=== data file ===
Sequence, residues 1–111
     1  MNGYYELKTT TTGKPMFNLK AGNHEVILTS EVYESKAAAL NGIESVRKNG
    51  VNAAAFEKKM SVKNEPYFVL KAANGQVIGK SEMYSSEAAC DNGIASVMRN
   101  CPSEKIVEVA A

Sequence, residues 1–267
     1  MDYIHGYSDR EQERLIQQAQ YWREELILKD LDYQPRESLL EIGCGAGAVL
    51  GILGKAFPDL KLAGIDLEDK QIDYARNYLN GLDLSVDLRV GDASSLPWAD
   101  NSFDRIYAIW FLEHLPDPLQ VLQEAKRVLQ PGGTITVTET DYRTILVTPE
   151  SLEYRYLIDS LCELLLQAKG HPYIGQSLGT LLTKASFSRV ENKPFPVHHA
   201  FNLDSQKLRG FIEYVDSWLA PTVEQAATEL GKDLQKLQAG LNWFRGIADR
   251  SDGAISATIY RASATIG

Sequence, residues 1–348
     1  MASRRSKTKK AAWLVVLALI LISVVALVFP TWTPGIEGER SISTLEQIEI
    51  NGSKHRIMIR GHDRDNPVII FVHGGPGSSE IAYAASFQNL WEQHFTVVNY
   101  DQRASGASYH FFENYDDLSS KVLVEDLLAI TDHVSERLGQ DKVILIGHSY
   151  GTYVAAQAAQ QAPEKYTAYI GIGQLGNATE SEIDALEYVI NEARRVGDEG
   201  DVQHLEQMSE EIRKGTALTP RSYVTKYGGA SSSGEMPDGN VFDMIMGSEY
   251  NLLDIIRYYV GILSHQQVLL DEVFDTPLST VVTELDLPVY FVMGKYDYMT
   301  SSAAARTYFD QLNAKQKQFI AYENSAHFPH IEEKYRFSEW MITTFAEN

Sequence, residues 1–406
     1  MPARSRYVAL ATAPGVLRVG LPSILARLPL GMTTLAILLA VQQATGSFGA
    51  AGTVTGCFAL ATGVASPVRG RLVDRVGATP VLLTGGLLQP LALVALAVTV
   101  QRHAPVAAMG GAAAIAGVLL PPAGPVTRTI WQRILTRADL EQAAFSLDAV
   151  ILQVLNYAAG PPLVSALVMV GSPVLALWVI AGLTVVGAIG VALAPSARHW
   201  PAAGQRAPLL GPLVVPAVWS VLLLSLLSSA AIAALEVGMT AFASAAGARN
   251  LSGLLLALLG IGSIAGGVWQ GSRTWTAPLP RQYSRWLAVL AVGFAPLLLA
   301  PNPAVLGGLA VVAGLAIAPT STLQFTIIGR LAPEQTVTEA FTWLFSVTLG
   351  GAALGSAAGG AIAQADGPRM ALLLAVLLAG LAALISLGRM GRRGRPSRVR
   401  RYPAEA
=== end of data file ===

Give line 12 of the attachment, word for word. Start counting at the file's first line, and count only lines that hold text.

Sequence, residues 1–348